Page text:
It may be the country’s most successful culinary export in terms of fame, but sushi is, despite the hype, rarely done well as it ought to be outside its homeland. Corners are cut in terms of the neta base ingredients themselves, rice authenticity - you need the Japanese grains - shoyu quality, skill in preparation, and freshness.
And somehow the great Edomae Tokyo sushi chefs mostly resist the lure of big bucks and temperate climates, in favour of cramped grubby apartments with a sort-of view of the Sumida River. If you want to sample the finest sushi in the world, there's only one solution: get yourself to Japan.
For the record, sushi is not raw fish. It refers to anything served on, or within, vinegared rice. The most likely ingredients are fish or shellfish mostly raw, but not exclusively so, raw vegetables or cooked egg.
Hisrory of Sushi and the success behind
There are differing views on sushi’s origins. Some say it came from South East Asia, others say it came from China. Either way, it was, essentially, a pickling technique, where fish was salted and encased in rice and left to mature some would infer ‘rot’ for up to a year.
This ancient sushi is termed narezushi, and the technique for making it is recorded as reaching Japan in the mid-Heian period. It remains the basis for such dishes as Shiga Prefecture’s extremely powerful – some say revoltingly stinky -funazushi carp sushi. It is still produced in the villages around Lake Biwa.
However, sushi as we know it today – as nigirizushi -originated in the early 19th century sushiville itself: Edo, later named Tokyo. It quickly achieved huge success as a kind of proto-fast food to satisfy the appetites of the city’s workers – 75% male, and not au fait with the Edo period kitchen – and the city’s large samurai contingent. It was cheap, tasty, and could be eaten at speed, standing up, qualities that explain why certain rarified elements of Japanese society – yes, Kyoto, we are looking at you – have never been able to embrace nigirizushi fully over the more refined Kyo-zushi and sashimi.
Contemporary sushi falls into four broad categories
- nigarizushi 'hand-pressed sushi'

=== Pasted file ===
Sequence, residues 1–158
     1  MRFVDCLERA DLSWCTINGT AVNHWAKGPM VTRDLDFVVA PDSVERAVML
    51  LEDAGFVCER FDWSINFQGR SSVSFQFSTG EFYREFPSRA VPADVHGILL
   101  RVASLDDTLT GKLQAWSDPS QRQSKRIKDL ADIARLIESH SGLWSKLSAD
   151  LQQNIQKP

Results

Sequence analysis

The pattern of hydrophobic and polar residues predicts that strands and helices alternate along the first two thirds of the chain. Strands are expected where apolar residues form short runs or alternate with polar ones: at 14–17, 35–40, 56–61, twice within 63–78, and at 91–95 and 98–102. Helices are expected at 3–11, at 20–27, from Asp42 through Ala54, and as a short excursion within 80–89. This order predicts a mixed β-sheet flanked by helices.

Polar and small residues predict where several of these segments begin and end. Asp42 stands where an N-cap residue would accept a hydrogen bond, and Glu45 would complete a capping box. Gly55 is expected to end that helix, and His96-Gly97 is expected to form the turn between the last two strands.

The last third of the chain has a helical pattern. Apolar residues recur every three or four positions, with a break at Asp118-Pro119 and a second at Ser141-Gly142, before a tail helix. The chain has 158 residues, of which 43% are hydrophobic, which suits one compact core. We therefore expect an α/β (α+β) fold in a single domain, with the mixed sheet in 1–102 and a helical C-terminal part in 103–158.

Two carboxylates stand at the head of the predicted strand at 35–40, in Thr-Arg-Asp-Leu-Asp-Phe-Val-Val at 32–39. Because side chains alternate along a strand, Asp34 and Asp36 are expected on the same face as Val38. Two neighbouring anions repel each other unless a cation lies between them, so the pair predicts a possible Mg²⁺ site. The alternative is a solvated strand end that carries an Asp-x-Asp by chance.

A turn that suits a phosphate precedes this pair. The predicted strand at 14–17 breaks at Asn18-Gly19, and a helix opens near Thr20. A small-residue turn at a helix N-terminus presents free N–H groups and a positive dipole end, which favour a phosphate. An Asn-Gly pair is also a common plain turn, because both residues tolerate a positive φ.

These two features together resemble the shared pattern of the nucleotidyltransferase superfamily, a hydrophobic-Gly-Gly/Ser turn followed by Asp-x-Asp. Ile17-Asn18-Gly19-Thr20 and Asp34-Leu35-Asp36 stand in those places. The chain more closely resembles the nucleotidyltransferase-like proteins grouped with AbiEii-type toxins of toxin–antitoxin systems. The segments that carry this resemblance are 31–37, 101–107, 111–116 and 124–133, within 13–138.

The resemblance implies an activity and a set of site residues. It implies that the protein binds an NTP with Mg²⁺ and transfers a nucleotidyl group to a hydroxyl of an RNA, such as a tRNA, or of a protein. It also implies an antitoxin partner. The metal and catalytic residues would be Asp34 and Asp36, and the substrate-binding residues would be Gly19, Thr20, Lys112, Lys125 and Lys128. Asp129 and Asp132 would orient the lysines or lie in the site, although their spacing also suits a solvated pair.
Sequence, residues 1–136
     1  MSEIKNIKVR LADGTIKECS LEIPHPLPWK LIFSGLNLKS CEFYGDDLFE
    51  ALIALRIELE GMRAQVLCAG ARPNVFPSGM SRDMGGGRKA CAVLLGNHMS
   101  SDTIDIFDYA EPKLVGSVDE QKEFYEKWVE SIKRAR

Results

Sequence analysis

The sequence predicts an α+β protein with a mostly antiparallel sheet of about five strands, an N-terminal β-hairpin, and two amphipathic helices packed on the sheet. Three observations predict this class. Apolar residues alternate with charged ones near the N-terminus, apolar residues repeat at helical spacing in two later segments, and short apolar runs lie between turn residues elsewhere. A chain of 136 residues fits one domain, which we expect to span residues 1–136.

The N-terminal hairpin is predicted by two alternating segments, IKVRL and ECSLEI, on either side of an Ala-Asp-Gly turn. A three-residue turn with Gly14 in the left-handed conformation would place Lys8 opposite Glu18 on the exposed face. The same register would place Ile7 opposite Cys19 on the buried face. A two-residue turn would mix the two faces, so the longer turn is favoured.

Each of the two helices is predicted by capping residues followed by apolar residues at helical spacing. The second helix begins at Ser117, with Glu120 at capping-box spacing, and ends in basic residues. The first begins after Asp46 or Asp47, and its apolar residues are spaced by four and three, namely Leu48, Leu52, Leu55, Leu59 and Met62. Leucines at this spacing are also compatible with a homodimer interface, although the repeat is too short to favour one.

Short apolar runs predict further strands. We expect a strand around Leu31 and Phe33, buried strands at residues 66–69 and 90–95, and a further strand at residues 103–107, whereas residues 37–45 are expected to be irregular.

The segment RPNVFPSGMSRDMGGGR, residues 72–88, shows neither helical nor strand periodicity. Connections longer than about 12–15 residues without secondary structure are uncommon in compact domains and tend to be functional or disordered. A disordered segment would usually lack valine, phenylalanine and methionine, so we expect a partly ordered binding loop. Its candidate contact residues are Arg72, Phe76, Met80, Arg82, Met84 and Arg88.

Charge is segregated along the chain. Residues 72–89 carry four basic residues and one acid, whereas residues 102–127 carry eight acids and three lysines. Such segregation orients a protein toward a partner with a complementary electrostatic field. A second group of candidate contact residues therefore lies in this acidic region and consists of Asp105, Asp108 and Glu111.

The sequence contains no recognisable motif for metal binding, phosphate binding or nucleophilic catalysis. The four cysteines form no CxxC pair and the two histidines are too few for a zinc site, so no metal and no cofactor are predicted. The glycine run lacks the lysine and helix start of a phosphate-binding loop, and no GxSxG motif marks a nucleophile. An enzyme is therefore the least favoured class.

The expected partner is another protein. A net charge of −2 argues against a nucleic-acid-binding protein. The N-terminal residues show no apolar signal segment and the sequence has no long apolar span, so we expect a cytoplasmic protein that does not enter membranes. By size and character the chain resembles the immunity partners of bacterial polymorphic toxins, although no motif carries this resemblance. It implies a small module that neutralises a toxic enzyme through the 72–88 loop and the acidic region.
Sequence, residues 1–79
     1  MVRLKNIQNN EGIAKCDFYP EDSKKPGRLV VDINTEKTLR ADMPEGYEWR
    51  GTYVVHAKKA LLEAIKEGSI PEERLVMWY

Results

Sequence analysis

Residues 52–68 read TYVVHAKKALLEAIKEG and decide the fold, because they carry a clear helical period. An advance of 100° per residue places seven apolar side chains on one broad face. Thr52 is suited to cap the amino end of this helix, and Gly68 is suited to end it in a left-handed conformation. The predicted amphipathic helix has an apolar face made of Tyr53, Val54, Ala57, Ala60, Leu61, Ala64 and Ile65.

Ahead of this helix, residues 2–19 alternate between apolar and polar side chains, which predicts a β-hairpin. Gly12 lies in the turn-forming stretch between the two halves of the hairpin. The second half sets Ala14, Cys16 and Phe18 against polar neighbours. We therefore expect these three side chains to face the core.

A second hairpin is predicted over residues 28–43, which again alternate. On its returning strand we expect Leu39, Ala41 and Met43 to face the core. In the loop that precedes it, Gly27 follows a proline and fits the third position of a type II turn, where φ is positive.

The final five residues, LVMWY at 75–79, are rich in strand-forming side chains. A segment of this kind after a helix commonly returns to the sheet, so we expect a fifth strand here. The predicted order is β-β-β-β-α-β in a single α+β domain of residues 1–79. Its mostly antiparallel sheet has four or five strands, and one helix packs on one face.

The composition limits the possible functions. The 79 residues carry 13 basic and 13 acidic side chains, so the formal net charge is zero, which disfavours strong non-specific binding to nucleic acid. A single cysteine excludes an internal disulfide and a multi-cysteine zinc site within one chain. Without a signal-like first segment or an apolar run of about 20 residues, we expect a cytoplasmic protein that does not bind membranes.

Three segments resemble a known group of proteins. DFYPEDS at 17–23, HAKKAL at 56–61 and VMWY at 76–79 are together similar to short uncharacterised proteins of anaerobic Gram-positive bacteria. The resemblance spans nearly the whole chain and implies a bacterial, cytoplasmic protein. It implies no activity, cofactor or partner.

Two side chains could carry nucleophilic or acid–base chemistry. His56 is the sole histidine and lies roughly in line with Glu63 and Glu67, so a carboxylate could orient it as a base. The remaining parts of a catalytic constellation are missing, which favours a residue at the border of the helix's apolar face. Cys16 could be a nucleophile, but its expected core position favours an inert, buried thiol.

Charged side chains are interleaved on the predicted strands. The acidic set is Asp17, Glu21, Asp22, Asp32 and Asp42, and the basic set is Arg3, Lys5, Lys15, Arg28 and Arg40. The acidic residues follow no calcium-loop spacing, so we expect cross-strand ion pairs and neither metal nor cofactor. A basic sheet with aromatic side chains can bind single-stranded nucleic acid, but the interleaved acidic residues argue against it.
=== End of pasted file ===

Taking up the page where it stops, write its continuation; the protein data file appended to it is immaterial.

- makizushi 'rolled sushi'
- chirashizushi ‘scattered sushi’
- oshizushi ‘pushed sushi’,
Nigirizushi, where toppings are pressed onto rice dabbed with wasabi, originated in Tokyo. Typically it is placed directly on the white wooden counter, accompanied by gari pickled, pinkish-red ginger, whereupon you dip it in shoyu, the classic way to eat sushi. It is generally the most elegant, visually appealing, and expensive part of a sushi menu, and the one you order first. Toppings such as toro fatty tuna, ika raw squid and tako octopus; shrimp raw as amaebi sweet shrimp, or cooked; ikura salmon roe, surrounded by nori seaweed or tamagomaki sliced egg-omelette are common favorites.
Luxuries include anago conger-eel brushed over with teriyaki sauce, an exquisite crunchy-soft combination; uni sea urchin, and the sake-lover’s favourite accompaniment, kanimiso, that is, er, crab reproductive organs. The latter loses something in translation, but it is really rather magnificent. Imagine a kind of dark olive-green caviar-without-the-crunch, tinged with the scent of a diver’s antique respirator. Just try it,
Makizushi, the familiar nori-wrapped torpedo or triangular cornet-shaped concoction, is always the sushi shop’s cheaper-end offering, but price shouldn’t necessarily be equated with quality. Shiso umemaki sour plum with beefsteak leaf is just fabulous, while kappamaki with cucumber is equally humble and delicious. Makizushi is rolled in the makisu, a bamboo mat. It is eaten, facing a propitious direction, at the Setsubun demon-exorcising festival in February.
Chirashizushi, sometimes called barazushi, is traditionally eaten at celebrations. Vinegared rice is topped with shiitake mushrooms marinated in shoyu, sliced omelette, beni shoga red pickled ginger, and other ingredients designed to be especially pleasing to the eye.
Oshizushi is sushi pressed into a wooden mould, then sliced. It’s best known form is the Osaka favorite batterazushi, a strong, deliberately ‘fishy’ mackerel dish. Kyoto has its own favoured mackerel sushi, known as sabazushi. It is created using a makisu, and the process of kobumaki where the fish is wrapped in kelp that has been simmered in mirin, and cured before serving.
Kaitenzushi is the massively popular, inexpensive 'conveyor belt' sushi that corporate chains have set up through Japan. Massively popular with foreign tourists. What can one say? Decent, occasionally good, great bang for your sushi buck. But... you've come all this way. Isn't it worth going the extra yard or two to get the good stuff? In case you think I am being uneccessarily snooty, I used to be in a band with a Japanese guy who worked in one of the earliest kaitenzushi places. His job was to sit in a back room, unobserved, and paint the toro maguro red with artificial coloring. Caveat emptor.